A weapon used in a number of unsolved murders has been discovered on display in the Imperial War Museum.
A VX58 assault rifle on show in a cabinet at the London museum was found by investigators re-examining paramilitary murders in Northern Ireland, BBC Panorama has reported.
The weapon was used in an attack on a Belfast betting shop in 1992 which left five Catholics dead, including a 15-year-old boy, as well as being linked to the killing of two men in 1998.
Although the weapon was originally recovered in 1992 and tests carried out to link it to the murders, officers from the Historical Enquiries Team (HET) could not find it when the case was reopened.
Families had believed that the gun was disposed of after the initial case was closed.
It was, in fact, on display as part of the Imperial War Museum’s (IWM) exhibit on the Troubles.
The rifle has now been sent for further tests.
The museum said that it was given the weapon by the Royal Ulster Constabulary Weapons and Explosives Research Centre.
A spokeswoman told the BBC: "IWM believes that we provide an appropriate context for the display of items used in conflict. This object has always been displayed in the context of a wider story which sets it against other items from both sides of the Northern Ireland conflict."
She added that the museum was aware that the gun had been used in “specific events” but was given no further details.
The IWM is now investigating if any other weapons in its collection were used in unsolved murders, alongside the police ombudsman.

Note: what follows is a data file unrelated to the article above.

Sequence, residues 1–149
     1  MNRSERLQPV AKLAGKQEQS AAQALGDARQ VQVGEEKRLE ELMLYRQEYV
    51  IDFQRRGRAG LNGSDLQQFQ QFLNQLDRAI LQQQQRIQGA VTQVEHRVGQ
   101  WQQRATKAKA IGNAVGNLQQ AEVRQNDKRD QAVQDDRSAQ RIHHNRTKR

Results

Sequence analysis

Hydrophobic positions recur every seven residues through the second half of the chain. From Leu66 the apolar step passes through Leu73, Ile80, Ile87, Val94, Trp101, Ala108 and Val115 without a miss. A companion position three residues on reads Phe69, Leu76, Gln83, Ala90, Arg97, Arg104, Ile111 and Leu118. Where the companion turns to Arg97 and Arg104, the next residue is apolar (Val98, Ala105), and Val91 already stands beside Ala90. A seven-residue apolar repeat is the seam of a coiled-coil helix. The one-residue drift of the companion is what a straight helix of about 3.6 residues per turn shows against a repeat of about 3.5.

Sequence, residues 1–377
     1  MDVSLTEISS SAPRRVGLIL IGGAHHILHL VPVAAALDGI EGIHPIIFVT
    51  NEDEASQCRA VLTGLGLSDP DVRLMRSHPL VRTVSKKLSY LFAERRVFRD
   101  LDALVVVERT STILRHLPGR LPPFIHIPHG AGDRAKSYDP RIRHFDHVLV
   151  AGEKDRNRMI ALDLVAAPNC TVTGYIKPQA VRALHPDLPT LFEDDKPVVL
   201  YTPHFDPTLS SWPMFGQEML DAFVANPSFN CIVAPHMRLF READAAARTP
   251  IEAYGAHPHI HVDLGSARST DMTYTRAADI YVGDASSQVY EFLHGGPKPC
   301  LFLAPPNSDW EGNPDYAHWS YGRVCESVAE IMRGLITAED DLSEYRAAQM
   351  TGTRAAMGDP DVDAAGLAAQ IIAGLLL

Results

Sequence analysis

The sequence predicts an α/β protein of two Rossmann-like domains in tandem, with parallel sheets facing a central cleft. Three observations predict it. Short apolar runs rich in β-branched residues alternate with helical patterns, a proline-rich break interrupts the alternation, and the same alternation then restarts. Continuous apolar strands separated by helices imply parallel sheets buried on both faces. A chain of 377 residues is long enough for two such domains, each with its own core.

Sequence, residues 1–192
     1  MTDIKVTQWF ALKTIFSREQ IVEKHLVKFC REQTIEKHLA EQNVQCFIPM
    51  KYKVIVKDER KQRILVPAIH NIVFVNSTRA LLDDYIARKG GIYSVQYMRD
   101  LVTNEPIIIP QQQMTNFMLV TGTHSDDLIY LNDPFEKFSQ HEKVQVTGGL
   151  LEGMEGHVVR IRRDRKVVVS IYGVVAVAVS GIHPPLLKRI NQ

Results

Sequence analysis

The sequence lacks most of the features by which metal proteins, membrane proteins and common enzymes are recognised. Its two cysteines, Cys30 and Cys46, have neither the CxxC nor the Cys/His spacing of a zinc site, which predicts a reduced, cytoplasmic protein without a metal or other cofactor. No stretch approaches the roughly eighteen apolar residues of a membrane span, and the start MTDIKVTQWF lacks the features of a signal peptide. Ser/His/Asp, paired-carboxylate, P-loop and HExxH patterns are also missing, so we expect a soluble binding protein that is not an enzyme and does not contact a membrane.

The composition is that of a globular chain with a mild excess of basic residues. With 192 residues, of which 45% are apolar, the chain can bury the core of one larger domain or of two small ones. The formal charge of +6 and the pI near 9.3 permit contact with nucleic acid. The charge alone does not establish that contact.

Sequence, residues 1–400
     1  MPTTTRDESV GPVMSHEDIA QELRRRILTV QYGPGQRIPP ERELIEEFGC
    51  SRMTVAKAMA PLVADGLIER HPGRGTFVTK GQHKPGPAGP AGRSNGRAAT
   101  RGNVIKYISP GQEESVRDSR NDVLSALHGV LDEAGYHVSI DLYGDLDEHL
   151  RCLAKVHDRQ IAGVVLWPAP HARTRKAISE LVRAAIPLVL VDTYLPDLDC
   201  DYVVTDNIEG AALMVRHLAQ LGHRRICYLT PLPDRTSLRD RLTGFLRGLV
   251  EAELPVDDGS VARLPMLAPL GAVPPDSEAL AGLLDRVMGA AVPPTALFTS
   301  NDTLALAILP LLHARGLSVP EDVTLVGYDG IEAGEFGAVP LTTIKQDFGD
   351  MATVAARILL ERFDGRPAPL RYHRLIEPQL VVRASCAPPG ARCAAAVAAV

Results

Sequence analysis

Billy McManus was one of those murdered in the attack on the betting shop on the Ormeau Road, and his son Willie was appalled at the discovery.
He told the BBC: "I am absolutely shocked that a gun connected with so many deaths was there on display for anyone to come and see at the Imperial War Museum in London. It should be here in a secure place so that it can be used for ballistics.
"Why would somebody let something so important be shipped to England to be put on display? What does that say about their treatment of the case? They just don't care."
A police ombudsman investigation into the weapon’s history will now take place.
Assistant Chief Constable Will Kerr said the Police Service of Northern Ireland would fully support this.
He said: ”I have been made aware that investigators from the Police Ombudsman's office have recovered a weapon on loan from police in Northern Ireland to the Imperial War Museum in London as part of a permanent exhibition relating to 'the Troubles'.
“In the interests of public confidence and transparency, I accept that it merits further investigation."